Enough- Heading off to my summerhouse for the a weekend of 30 degrees celsius - the hottest month in history, it could be the hottest few quarters coming up as the world economy is on the edge, the edge of what remains the question.

Good luck,


tirsdag den 20. maj 2008

when in doubt......go on holiday?

My colleague David Karsbøl have developped a model based on the supposed short-term model of The US Treasury mentioned in Paul O'Neills book, where he states based on only weekly data alone The Treasury's growth model exceeded Wall Streets economist forecast accuracy (Mind you that's an easy goal to set yourself!), but the point being this:

David models continues its free fall indicating we are now moving into solid negative growth and consumer demand.

The later is best seen through the spectrum of credit cards - The US consumer has always been willing to flaunt the plastic even when they have negative equity, but in the land of designer credit cards things are turning to the worse:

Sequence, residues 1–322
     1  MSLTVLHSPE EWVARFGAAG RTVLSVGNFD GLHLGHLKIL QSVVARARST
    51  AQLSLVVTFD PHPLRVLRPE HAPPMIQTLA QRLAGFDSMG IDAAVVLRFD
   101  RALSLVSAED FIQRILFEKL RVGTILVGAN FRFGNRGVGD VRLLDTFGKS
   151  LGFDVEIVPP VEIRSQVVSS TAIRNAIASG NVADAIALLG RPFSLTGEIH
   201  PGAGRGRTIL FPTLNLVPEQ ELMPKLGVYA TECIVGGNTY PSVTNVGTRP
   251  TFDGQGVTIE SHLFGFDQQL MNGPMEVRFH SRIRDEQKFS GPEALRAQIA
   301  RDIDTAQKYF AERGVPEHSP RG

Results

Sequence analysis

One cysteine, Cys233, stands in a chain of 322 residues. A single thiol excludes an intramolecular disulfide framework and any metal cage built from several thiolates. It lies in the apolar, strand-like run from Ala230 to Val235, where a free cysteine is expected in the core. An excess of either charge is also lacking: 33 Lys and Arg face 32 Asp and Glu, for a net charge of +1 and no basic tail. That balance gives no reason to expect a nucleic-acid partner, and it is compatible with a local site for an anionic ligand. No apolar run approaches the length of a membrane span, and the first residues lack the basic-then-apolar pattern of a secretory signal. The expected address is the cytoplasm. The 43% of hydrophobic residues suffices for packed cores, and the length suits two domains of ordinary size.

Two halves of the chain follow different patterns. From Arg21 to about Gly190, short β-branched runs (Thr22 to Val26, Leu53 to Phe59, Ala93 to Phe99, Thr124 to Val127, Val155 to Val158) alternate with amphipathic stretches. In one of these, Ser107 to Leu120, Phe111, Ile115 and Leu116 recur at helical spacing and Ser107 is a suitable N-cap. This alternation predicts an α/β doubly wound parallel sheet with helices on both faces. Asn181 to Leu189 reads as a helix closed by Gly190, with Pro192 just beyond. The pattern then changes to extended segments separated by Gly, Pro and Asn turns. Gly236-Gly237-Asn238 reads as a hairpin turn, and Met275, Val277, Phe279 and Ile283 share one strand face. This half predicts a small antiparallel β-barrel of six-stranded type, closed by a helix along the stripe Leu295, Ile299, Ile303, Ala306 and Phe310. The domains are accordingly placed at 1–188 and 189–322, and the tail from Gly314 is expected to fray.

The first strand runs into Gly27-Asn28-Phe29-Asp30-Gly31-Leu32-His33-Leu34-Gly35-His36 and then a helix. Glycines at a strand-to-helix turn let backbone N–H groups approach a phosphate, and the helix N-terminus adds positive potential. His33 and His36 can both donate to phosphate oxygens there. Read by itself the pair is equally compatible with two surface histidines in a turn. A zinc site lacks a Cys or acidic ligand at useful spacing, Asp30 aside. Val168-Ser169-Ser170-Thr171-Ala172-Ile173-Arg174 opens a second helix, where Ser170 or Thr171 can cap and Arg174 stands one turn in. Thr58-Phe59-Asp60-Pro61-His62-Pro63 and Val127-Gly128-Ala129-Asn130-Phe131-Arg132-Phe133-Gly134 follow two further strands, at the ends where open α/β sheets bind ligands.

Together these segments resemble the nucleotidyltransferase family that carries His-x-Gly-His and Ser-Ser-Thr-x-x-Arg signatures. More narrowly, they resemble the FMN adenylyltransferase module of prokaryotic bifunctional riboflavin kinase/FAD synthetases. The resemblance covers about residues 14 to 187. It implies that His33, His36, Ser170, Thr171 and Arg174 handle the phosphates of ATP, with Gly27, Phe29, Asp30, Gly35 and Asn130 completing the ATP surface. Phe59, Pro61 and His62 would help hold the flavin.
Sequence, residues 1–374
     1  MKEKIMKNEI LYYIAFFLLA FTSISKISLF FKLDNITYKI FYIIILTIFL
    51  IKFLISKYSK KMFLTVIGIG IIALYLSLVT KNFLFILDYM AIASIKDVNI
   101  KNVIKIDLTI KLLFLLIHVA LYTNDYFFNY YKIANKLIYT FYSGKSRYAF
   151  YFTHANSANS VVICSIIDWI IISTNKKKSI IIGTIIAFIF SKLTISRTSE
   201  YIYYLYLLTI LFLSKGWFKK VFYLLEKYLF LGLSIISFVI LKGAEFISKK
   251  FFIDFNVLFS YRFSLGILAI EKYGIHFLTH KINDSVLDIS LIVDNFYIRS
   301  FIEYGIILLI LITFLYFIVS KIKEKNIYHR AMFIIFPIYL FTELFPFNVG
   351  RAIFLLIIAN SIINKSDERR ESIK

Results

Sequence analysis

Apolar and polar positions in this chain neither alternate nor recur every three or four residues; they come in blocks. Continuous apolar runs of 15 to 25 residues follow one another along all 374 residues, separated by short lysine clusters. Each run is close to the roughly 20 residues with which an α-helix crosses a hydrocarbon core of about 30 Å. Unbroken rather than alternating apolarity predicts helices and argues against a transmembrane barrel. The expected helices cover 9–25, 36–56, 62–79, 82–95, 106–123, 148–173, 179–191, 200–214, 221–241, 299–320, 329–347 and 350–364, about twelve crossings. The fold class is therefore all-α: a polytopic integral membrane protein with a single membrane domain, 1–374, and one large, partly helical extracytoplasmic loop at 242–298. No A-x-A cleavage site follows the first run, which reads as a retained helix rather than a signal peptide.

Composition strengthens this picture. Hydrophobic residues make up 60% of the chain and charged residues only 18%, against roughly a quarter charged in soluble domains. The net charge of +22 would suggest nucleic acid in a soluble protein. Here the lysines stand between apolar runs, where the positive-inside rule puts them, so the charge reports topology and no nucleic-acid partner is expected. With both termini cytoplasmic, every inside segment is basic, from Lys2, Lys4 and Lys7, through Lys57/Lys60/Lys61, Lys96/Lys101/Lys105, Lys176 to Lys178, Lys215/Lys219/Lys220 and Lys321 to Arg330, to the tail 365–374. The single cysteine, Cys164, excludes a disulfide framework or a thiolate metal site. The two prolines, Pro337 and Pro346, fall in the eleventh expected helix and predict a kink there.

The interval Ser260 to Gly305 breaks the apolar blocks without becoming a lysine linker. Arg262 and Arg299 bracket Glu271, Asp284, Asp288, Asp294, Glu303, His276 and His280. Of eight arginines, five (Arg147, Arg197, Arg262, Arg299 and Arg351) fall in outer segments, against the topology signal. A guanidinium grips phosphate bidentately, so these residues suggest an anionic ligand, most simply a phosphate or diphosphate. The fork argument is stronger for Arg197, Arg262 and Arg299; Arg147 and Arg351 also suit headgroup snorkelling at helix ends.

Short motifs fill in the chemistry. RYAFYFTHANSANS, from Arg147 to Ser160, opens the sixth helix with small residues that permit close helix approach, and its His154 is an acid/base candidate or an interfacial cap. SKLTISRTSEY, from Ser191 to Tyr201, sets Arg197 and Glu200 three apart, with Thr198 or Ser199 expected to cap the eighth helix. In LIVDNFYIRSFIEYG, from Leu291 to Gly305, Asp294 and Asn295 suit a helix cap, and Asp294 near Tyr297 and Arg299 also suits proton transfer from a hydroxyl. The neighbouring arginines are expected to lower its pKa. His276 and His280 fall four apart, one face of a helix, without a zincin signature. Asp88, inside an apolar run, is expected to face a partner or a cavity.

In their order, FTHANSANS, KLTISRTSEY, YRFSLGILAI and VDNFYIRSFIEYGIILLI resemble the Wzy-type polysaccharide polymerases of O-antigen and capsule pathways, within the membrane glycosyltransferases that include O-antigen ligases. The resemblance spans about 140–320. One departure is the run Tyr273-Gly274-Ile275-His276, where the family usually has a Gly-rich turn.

Moody's Investor service reports that the charge off rate, which measures defaults as percentage of loans outstanding - rose 6.05% in in March, from 4.64% a year earlier.

The charge off rate peaked above 7% in the 1991 and 2001 recession.

The underlying trend indication is for worst to come as:
1. The repayment amount are decreasing. The US consumer is simply paying less into the bills, obviously indicating either consumption preference or lack of hard dollars...

2. The amount of people skipping 3rd and 4th payment also on the rise.....again not exactly the best sign..